processes.
- `ldd' and `size' won't show anything useful because all they
  see is the statically linked stub.  Since version 0.82 the section
  headers are stripped from the UPX stub and `size' doesn't even
  recognize the file format.  The file patches/patch-elfcode.h has a
  patch to fix this bug in `size' and other programs which use GNU BFD.

General notes:

- As UPX leaves your original program untouched it is advantageous
  to strip it before compression.
- If you compress a script you will lose platform independence -
  this could be a problem if you are using NFS mounted disks.
- Compression of suid, guid and sticky-bit programs is rejected
  because of possible security implications.
- For the same reason there is no sense in making any compressed
  program suid.
- Obviously UPX won't work with executables that want to read data
  from themselves. E.g., this might be a problem for Perl scripts
  which access their __DATA__ lines.
- In case of internal errors the stub will abort with exitcode 127.
  Typical reasons for this to happen are that the program has somehow
  been modified after compression.
  Running `strace -o strace.log compressed_file' will tell you more.

Please read the general Linux description first.

The linux/elf386 format decompresses directly into RAM, uses only one exec, does not use space in /tmp, and does not use /proc.

Linux/elf386 is automatically selected for Linux ELF executables.

Packed programs will be byte-identical to the original after uncompression.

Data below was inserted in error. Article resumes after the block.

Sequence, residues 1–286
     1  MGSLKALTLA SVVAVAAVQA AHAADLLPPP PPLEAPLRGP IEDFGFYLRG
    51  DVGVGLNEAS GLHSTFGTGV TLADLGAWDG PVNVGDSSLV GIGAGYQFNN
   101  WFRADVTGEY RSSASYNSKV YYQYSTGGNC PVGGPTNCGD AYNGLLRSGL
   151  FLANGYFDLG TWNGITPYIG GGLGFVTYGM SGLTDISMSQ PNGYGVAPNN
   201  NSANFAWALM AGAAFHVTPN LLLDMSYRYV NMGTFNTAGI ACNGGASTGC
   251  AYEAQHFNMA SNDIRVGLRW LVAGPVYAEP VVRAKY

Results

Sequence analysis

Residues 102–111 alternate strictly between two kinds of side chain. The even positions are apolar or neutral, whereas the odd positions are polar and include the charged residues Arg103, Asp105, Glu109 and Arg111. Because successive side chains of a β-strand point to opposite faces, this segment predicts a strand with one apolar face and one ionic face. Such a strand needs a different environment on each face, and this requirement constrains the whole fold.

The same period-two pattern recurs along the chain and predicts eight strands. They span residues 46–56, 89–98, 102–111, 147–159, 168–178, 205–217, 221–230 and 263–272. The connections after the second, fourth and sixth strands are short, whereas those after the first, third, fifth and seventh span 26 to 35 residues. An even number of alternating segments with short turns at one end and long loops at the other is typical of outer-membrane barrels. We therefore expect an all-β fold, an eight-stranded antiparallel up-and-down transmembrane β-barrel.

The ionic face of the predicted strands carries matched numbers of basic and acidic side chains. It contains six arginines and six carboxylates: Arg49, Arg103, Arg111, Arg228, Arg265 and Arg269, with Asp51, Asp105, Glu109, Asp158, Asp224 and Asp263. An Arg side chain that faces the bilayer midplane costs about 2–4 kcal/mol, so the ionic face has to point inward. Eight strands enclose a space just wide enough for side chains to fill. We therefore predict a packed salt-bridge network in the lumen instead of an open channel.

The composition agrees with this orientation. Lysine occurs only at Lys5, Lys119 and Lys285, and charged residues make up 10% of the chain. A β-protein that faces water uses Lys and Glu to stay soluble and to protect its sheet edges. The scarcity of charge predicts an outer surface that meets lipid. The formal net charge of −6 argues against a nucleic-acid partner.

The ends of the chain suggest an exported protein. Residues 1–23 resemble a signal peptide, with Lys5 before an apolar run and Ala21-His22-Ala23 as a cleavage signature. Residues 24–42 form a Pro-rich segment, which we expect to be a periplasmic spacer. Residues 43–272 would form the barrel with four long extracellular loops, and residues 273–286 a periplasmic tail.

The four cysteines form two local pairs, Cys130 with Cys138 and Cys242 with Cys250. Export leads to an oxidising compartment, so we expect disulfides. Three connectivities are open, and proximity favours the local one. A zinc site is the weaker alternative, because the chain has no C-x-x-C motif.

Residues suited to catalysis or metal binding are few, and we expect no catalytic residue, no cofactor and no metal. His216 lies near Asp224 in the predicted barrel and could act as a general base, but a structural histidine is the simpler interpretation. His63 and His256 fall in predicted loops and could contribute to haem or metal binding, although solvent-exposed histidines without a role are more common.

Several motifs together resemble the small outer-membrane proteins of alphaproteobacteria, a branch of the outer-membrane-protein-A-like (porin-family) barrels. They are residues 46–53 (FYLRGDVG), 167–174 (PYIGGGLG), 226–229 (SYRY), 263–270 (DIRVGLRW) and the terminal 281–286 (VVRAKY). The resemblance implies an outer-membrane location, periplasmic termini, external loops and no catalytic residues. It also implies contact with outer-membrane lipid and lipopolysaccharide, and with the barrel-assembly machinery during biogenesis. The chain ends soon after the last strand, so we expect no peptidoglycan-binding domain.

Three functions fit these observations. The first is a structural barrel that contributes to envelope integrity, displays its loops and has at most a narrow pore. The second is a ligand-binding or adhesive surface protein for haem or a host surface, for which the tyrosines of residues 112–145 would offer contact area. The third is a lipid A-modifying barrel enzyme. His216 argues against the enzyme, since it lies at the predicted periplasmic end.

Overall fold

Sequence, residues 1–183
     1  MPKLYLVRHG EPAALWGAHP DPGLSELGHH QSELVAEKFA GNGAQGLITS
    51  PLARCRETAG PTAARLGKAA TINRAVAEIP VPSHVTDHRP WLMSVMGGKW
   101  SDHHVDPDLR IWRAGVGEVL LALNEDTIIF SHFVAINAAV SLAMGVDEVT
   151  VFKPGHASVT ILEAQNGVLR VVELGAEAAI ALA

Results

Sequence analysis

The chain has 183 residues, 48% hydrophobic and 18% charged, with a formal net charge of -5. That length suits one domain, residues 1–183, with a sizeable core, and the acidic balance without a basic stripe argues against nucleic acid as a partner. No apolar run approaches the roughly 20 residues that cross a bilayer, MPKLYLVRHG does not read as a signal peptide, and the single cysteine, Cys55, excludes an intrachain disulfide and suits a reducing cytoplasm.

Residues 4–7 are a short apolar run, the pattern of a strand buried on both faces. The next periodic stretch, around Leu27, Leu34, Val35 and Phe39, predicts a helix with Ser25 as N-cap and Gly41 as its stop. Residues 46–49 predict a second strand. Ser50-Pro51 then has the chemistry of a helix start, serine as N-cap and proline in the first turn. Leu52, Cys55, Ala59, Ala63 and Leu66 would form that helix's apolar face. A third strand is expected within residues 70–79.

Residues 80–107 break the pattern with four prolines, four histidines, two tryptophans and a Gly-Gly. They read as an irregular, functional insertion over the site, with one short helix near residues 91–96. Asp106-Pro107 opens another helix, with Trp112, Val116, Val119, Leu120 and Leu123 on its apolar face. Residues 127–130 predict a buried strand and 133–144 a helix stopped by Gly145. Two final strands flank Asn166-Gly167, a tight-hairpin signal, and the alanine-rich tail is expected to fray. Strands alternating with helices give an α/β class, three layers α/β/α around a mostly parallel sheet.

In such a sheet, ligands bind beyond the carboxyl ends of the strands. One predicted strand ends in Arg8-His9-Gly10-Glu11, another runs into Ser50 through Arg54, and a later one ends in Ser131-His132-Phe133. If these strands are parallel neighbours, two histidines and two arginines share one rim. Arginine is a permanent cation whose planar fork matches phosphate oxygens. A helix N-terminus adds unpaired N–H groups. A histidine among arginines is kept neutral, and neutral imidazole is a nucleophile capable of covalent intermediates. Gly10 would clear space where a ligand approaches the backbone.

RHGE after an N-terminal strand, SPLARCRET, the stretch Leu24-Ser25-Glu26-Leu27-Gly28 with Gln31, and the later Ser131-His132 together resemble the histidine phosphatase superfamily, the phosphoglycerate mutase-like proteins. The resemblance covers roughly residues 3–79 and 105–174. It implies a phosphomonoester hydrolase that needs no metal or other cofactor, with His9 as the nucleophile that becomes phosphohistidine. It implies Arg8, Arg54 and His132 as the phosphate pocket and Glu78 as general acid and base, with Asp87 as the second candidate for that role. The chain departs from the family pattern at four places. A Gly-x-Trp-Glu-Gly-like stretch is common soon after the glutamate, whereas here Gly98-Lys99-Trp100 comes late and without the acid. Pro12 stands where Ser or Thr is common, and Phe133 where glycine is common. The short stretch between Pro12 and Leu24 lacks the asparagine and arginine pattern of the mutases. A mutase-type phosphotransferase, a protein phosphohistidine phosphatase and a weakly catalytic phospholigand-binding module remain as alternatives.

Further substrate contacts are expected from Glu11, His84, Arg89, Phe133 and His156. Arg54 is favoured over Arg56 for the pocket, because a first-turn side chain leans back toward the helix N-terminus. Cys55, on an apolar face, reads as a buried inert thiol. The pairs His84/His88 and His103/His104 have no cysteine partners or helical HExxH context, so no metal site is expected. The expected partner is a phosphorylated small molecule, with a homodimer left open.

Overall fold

How it works:

For ELF executables, UPX decompresses directly to memory, simulating
the mapping that the operating system kernel uses during exec(),
including the PT_INTERP program interpreter (if any).
The brk() is set by a special PT_LOAD segment in the compressed
executable itself.  UPX then wipes the stack clean except for
arguments, environment variables, and Elf_auxv entries (this is
required by bugs in the startup code of /lib/ld-linux.so as of
May 2000), and transfers control to the program interpreter or
the e_entry address of the original executable.
The UPX stub is about 1700 bytes long, partly written in assembler
and only uses kernel syscalls. It is not linked against any libc.

Specific drawbacks:

- For linux/elf386 and linux/sh386 formats, you will be relying on
  RAM and swap space to hold all of the decompressed program during
  the lifetime of the process.  If you already use most of your swap
  space, then you may run out.  A system that is "out of memory"
  can become fragile.  Many programs do not react gracefully when